After five years of historical lows for healthcare inflation, rapid growth has returned. From 2009 – 2013 healthcare spending showed average annual increases of 3.9%, but 2014’s jump of 5% indicates that the slowdown is over. I predicted this trend in a December blog, writing that healthcare spending increases in 2013 was at an historic low, but with a caveat: this dip was likely temporary.
While the Administration has taken credit for leveling healthcare spending, it seemed to me that depressed trends in costs have been driven by a bad economy and uncertainty by consumers about whether their new healthcare plans will pay the bills. Intuitively, deferral of care can only last so long and it appears that we have reached the end of the flat line.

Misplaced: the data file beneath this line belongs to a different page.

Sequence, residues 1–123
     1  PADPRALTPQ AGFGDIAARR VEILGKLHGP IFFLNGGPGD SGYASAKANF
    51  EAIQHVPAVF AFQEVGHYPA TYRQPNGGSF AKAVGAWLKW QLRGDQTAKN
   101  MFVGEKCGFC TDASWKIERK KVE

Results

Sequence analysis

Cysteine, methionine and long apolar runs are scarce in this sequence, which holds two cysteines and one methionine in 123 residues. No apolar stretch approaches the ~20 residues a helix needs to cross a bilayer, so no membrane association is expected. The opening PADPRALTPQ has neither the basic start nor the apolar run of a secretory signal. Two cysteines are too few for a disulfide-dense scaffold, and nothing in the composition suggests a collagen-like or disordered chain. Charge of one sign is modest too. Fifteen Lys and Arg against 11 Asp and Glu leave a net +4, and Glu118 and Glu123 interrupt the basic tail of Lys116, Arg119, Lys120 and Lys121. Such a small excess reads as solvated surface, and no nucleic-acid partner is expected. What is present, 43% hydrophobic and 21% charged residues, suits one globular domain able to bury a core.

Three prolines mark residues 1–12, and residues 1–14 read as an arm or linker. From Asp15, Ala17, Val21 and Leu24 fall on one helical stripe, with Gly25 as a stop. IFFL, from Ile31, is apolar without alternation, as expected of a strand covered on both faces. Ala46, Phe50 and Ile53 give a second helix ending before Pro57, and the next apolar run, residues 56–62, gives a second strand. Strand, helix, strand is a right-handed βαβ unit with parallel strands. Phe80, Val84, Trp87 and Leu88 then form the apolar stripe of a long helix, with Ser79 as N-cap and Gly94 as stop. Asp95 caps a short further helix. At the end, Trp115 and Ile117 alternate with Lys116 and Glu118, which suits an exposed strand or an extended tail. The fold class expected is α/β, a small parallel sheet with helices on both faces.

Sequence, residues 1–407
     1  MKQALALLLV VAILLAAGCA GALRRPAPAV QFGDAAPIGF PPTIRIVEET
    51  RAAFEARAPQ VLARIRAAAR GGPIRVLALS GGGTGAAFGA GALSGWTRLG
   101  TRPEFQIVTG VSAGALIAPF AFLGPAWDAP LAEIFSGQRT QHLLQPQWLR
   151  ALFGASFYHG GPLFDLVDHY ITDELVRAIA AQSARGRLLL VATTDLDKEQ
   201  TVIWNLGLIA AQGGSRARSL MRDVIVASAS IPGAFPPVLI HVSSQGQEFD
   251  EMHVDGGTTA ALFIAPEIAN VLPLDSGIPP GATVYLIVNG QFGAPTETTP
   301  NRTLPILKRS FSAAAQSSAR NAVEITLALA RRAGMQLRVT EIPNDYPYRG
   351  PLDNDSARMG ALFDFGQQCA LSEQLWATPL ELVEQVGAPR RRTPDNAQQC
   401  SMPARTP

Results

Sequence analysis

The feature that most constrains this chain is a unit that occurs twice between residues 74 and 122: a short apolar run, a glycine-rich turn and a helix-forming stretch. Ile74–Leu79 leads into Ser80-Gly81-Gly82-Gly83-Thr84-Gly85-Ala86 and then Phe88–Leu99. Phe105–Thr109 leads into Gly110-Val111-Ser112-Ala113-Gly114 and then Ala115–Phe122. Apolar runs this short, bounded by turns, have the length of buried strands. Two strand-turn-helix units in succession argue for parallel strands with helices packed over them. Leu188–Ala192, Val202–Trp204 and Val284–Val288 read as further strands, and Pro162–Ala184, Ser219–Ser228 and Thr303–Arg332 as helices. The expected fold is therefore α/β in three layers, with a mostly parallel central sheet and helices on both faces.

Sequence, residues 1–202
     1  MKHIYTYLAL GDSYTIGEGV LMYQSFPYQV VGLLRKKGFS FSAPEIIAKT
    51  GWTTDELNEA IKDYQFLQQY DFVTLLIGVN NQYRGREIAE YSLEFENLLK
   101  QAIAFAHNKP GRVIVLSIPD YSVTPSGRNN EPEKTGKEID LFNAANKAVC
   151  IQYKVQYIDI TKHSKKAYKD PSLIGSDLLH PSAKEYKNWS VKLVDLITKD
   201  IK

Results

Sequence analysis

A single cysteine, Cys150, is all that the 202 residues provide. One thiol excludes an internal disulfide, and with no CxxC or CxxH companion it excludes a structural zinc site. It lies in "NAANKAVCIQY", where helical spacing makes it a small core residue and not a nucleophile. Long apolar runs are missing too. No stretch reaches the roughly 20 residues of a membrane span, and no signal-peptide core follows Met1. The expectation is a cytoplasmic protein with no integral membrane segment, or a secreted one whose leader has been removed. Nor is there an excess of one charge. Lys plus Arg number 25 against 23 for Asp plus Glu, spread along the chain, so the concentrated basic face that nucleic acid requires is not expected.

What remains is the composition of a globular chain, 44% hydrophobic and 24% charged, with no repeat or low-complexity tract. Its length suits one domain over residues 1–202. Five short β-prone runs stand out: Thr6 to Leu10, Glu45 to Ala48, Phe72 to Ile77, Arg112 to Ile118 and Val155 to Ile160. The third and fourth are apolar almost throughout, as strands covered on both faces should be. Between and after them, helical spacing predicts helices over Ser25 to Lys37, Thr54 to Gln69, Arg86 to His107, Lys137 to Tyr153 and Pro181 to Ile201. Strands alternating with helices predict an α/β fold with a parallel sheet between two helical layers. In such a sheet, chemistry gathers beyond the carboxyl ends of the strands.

And now that ACA resulted in an increase to the number of insured Americans, it’s not a surprise that spending must go up. The influx of new drugs – particularly the expensive ones like Sovaldi which carried early 2014 predictions about driving up spending – has undoubtedly also played a role.
Trend has come back…I am awaiting affordability.